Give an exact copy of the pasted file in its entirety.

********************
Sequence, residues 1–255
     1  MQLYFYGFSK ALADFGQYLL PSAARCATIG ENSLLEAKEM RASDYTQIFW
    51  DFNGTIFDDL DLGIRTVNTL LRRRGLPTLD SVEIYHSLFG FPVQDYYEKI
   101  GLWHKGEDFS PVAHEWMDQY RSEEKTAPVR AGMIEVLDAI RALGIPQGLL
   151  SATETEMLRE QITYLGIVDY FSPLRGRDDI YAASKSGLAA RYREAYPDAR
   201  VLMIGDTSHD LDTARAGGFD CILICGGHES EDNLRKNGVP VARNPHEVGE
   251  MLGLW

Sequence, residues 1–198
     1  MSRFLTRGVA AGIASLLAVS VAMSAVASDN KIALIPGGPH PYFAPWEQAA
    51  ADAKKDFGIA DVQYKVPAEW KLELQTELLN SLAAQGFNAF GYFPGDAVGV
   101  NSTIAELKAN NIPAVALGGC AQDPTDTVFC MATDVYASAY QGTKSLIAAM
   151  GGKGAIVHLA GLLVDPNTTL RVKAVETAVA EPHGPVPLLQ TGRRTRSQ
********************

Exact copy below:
Sequence, residues 1–255
     1  MQLYFYGFSK ALADFGQYLL PSAARCATIG ENSLLEAKEM RASDYTQIFW
    51  DFNGTIFDDL DLGIRTVNTL LRRRGLPTLD SVEIYHSLFG FPVQDYYEKI
   101  GLWHKGEDFS PVAHEWMDQY RSEEKTAPVR AGMIEVLDAI RALGIPQGLL
   151  SATETEMLRE QITYLGIVDY FSPLRGRDDI YAASKSGLAA RYREAYPDAR
   201  VLMIGDTSHD LDTARAGGFD CILICGGHES EDNLRKNGVP VARNPHEVGE
   251  MLGLW

Sequence, residues 1–198
     1  MSRFLTRGVA AGIASLLAVS VAMSAVASDN KIALIPGGPH PYFAPWEQAA
    51  ADAKKDFGIA DVQYKVPAEW KLELQTELLN SLAAQGFNAF GYFPGDAVGV
   101  NSTIAELKAN NIPAVALGGC AQDPTDTVFC MATDVYASAY QGTKSLIAAM
   151  GGKGAIVHLA GLLVDPNTTL RVKAVETAVA EPHGPVPLLQ TGRRTRSQ